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Section 7

7. Now if we do not mean anything by Relation but are victims of words, none of the relations mentioned can exist: Relation will be a notion void of content.

Suppose however that we do possess ourselves of objective truth when in comparing two points of time we pronounce one prior, or posterior, to the other, that priority does entail something distinct from the objects to which it refers; admit an objective truth behind the relation of left and right: does this apply also to magnitudes, and is the relation exhibiting excess and deficiency also something distinct from the quantities involved?

Now one thing is double of another quite apart from our speech or thought; one thing possesses and another is possessed before we notice the fact; equals do not await our comparison but- and this applies to Quality as well as Quantity- rest upon an identity existing between the objects compared: in all the conditions in which we assert Relation the mutual relation exists over and above the objects; we perceive it as already existent; our knowledge is directed upon a thing, there to be known- a clear testimony to the reality of Relation.

In these circumstances we can no longer put the question of its existence. We have simply to distinguish: sometimes the relation subsists while the objects remain unaltered and even apart; sometimes it depends upon their combination; sometimes, while they remain unchanged, the relation utterly ceases, or, as happens with right and near, becomes different. These are the facts which chiefly account for the notion that Relation has no reality in such circumstances.

Our task, thus, is to give full value to this elusive character of Relation, and, then to enquire what there is that is constant in all these particular cases and whether this constant is generic or accidental; and having found this constant, we must discover what sort of actuality it possesses.

It need hardly be said that we are not to affirm Relation where one thing is simply an attribute of another, as a habit is an attribute of a soul or of a body; it is not Relation when a soul belongs to this individual or dwells in that body. Relation enters only when the actuality of the relationships is derived from no other source than Relation itself; the actuality must be, not that which is characteristic of the substances in question, but that which is specifically called relative. Thus double with its correlative, half gives actuality neither to two yards' length or the number two, nor to one yard's length or the number one; what happens is that, when these quantities are viewed in their relation, they are found to be not merely two and one respectively, but to produce the assertion and to exhibit the fact of standing one to the other in the condition of double and half. Out of the objects in a certain conjunction this condition of being double and half has issued as something distinct from either; double and half have emerged as correlatives, and their being is precisely this of mutual dependence; the double exists by its superiority over the half, and the half by its inferiority; there is no priority to distinguish double from half; they arise simultaneously.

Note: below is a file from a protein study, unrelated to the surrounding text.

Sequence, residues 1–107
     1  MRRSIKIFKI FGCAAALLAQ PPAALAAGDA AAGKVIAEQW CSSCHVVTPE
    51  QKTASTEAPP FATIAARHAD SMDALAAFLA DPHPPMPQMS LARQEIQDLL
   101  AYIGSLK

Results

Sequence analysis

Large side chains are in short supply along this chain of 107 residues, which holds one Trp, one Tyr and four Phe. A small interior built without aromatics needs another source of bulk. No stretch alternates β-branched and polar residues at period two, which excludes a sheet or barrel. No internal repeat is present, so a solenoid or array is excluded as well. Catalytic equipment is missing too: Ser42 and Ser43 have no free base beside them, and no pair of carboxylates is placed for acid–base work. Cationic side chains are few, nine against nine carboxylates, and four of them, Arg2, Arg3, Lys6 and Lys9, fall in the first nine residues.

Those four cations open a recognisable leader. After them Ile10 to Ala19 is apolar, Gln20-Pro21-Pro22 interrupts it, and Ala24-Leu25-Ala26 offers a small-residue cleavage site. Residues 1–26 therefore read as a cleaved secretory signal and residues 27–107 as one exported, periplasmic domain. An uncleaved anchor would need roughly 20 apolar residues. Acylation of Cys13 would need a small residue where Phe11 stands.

It is another question whether they endure simultaneously. Take the case of father and son, and such relationships; the father dies, but the other is still his son, and so with brothers. Moreover, we see likeness where one of the like people is dead.

Next: Section 8